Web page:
A group of Democratic senators slammed the head of the Federal Communications Commission (FCC) on Thursday over his proposal to cut down on a program that helps make broadband and phone service more affordable for low-income households.
The senators’ letter targets a proposal introduced by FCC Chairman Ajit Pai in November that would significantly curb the scope of benefits from the Lifeline program, which roughly 6.5 million people in poor communities rely on to get access to high-speed internet. Eight million people are eligible for the subsidy program.
“It is your obligation to the American public, as the Chairman of the Federal Communications Commission, to improve the Lifeline program and ensure that more Americans can afford access, and have means of access, to broadband and phone service,” a group of senators wrote in the letter, which was spearheaded by Sen. Jeff Merkley (D-Ore.)
“Your proposal accomplishes the exact opposite — it takes resources out of the hands of the most vulnerable Americans,” they wrote.
Other signatories to the letter were Sens. Kamala Harris (D-Calif.), Bernie Sanders (I-Vt.), Kirsten Gillibrand (D-N.Y.), Ed Markey (D-Mass.), Ron Wyden (D-Ore.), Richard Blumenthal (D-Conn.), Elizabeth Warren (D-Mass.), Dick Durbin (D-Ill.) and Cory Booker (D-N.J.).
The senators noted that Pai’s plan to curb Lifeline would disproportionately hurt families, veterans and people of color. In November, 56 Democrats in the House led by Reps. Gwen Moore (D-Wis.) and Gregory Meeks (D-N.Y.) attacked Pai’s plan, citing similar concerns.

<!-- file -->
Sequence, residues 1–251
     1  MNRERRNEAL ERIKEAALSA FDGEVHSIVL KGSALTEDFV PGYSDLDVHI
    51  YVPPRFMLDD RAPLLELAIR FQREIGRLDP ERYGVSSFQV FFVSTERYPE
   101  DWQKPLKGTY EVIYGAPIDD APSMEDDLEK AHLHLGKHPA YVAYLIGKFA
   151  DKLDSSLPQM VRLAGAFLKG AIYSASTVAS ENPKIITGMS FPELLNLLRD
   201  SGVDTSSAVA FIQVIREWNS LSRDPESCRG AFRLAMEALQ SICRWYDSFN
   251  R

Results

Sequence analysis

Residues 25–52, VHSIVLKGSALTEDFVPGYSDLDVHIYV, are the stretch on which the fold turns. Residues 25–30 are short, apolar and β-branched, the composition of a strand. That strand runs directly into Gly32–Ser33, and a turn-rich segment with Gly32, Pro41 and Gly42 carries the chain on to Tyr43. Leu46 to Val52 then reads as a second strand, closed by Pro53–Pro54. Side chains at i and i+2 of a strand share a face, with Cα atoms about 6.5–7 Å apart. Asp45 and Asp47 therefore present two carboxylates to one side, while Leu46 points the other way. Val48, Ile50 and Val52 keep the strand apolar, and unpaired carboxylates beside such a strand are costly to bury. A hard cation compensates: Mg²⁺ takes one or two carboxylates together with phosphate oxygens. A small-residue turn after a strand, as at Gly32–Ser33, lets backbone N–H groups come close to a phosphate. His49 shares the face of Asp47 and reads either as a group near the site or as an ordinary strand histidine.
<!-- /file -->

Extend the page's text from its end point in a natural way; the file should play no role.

Pai wants to push jurisdiction of the program to states, which he believes will curb “waste, fraud, and abuse that continue to plague the Lifeline program.”
Democrats and other critics worry that states handling the Lifeline program will significantly weaken it.
In their letter on Thursday, senators also pressed Pai for answers about his plans for Lifeline, including information on how many individuals will ultimately lose access to internet because of the plan and what the agency’s alternative plan is to help Americans living on tribal reservations, rural Americans, veterans, the elderly and low-income individuals.
“Instead of cutting the program, we should ensure Lifeline reaches more Americans in need of access to communication services,” they wrote.